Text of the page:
CNBC just broadcast a show highlighting five Franchise Brands. The official title is ‘Behind The Counter: The Untold Story of Franchising.’ The show had three story lines.
One was about Franchisors doing a good job of growing and maintaining a brand (Proctor & Gamble and Five Guys), another was about failed franchisees and the franchisors that let them down and the last was about a franchise brand growing with successful first and second generation immigrant franchisees (Dunkin’ Brands). The featured franchise concepts are: Five Guys Burger and Fries (Franchisor Parent: Five Guys Enterprises, LLC’s), Cold Stone Creamery (Franchisor Parent: Kahala Franchising, LLC’s), Camp Bow Wow (Franchisor Parent: D.O.G. Development LLC), Dunkin’ Donuts (Franchisor Parent: Dunkin’ Brands, Inc.) and Proctor and Gamble’s Tide branded Dry Cleaning franchises and Mr. Clean branded car washes (Franchisor Parent: Agile Pursuits Franchising, Inc.).
The first positive story line was about Five Guys Burgers and Fries. Five Guys is a popular chain of burger restaurants that have over 700 units operating throughout North America. The founders, Jerry and Janie Murrell, did not plan on franchising, but were convinced once the brand grew in popularity and their family convinced them to do it. Of the many factors that has made Five Guys a current success, one was highlighted in the show, and the other was a subtlety that I picked up on having worked with many Franchisors. The highlighted factor was the focus on quality ingredients which lead to a nice segment on the potato supplier for Five Guys. The subtle point that came out, was the fact that the Jerry Murrell see his franchisees as people that he has to answer to and has a responsibility to. “It’s like herding cats a little bit you know, if you own the store you just can tell people what to do, but if you franchise, (then) you have to ask ’em what to do, or beg ’em to do what they are supposed to do.” This quote from Jerry Murrell says it all, he doesn’t view the franchisees as slaves, but rather as people/partners he is in business with. This difference in mentality helps keep the company leadership focused on win-win actions that are good for the brand and for the franchisees.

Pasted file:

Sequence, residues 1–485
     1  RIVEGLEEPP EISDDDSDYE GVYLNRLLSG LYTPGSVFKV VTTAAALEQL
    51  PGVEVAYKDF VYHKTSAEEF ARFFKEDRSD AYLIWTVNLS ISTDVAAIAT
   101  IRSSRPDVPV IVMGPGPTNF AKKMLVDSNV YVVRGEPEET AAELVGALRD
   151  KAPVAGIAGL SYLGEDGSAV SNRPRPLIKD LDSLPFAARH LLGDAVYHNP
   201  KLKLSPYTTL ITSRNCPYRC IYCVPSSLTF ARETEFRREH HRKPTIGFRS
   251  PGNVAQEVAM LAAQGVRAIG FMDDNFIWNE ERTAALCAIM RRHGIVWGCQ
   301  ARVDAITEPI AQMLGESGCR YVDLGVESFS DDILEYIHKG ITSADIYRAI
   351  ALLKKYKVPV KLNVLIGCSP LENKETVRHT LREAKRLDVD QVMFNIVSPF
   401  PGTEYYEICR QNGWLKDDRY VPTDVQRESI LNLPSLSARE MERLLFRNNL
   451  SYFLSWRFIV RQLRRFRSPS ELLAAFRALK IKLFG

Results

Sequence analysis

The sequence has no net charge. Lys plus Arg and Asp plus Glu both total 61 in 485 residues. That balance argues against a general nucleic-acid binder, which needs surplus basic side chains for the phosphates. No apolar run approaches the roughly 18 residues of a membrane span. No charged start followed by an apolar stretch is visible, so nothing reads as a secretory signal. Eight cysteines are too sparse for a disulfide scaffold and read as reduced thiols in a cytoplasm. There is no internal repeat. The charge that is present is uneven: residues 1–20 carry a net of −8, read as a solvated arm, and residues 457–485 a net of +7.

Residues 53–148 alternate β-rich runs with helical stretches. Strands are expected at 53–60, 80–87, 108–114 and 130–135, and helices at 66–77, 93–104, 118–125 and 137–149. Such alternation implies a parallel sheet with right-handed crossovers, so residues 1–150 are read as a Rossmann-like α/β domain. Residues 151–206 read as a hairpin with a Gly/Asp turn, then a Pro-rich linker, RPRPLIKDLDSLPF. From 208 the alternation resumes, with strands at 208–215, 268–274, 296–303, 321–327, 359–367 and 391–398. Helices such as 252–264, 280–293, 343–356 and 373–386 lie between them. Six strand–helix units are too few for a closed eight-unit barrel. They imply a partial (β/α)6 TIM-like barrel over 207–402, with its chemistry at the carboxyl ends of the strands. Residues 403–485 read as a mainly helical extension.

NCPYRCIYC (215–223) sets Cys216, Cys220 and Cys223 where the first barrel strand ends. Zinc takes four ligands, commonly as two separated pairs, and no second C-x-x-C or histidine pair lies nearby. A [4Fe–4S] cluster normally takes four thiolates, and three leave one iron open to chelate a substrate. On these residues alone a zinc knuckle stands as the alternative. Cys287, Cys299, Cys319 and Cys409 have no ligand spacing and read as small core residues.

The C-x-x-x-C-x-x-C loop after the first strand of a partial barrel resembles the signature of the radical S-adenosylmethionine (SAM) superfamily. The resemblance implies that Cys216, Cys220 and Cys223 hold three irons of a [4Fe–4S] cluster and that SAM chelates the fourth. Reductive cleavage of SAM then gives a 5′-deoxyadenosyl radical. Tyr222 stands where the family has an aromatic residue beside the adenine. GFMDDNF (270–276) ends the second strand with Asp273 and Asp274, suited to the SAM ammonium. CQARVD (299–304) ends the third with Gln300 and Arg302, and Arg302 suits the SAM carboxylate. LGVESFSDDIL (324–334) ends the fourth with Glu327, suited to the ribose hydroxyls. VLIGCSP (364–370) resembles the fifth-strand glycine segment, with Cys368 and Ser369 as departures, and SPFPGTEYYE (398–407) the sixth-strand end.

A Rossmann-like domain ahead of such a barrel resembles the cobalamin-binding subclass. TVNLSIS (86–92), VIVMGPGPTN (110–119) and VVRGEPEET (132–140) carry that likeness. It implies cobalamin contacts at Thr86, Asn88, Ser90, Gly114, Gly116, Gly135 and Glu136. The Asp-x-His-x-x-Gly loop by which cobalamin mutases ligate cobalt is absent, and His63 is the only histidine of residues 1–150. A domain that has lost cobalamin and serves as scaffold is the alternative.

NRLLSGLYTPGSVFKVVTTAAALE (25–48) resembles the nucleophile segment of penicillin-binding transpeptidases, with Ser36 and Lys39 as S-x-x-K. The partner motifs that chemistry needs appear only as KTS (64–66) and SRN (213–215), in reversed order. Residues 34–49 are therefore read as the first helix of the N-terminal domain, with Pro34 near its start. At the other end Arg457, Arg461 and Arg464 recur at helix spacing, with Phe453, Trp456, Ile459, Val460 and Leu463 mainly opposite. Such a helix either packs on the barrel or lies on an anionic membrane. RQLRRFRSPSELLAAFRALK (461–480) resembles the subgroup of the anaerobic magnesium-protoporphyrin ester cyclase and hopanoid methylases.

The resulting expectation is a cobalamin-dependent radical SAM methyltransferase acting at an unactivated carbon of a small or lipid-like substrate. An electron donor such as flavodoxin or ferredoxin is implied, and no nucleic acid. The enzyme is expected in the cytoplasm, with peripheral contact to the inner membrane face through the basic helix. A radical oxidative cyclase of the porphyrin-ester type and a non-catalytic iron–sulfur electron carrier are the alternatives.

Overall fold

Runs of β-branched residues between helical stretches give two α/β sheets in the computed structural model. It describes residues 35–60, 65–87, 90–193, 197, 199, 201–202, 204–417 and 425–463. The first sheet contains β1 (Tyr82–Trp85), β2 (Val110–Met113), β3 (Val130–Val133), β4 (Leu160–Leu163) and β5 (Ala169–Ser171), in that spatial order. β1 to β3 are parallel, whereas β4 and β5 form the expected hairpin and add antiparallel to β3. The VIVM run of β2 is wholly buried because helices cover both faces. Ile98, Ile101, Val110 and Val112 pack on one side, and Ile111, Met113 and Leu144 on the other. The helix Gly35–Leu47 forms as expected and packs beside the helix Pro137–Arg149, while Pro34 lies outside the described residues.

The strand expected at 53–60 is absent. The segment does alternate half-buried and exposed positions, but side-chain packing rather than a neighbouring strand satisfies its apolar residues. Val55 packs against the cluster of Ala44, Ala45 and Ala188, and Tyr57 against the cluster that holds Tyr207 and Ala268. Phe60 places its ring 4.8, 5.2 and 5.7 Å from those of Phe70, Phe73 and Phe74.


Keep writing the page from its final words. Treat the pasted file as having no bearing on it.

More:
The next positive story line was about Proctor & Gamble‘s venture into franchising retail dry cleaning businesses and retail car wash operations. P&G is leveraging the brand equity in Tide (Dry Cleaning) and Mr. Clean (Car Washes) to help grow a recently started venture into franchising. The moral of the story line was P&G doing extensive research to create and refine business models for both of these franchise concepts. This research and advance planning has led to a franchise business model that really makes sense for both P&G and franchisees. One simple example of this is that Royalties are not taken from Top Line Gross Revenues, instead they are taken after some business expenses are deducted. This is contrary to the industry norm of taking royalties and advertising fund fees directly from the Top Line Gross Revenues of the franchisee. This means that P&G has a greater stake in ensuring that its franchisees have a healthy gross profit margin. P&G did send representatives to the West Coast Franchise Expo that was held in November 2010. That was our chance to glean some information about the philosophy of P&G, and our impressions were in alignment with how P&G was presented in the CNBC show. Bottom line, P&G is approaching franchising deliberately to make sure that they maintain the reputation of the brand and the overall health of its franchisees. Proof of the deliberate approach to choosing quality franchisees and to slow, managed growth is the fact that P&G does not really promote their franchising much online. P&G is proactively seeking out the best franchisees, instead of letting any warm body sign up.
The final positive story line for the show involved Dunkin’ Donuts. The segment ironically began with a clip of Vice President Joe Biden’s infamous campaign gaffe about South Asians, their accents, and running 7-Elevens and Dunkin’ Donuts in his home state of Delaware. CNBC did not provide much insight into the actual nuts and bolts of the operation of the franchise. It was simply a piece focused on three immigrant families that have worked hard to grow in the brand and acquire units. One takeaway from the segment was that the 2nd generation that gets involved in the business takes it to the next level by adding a corporate mentality as opposed to a mom and pop mentality.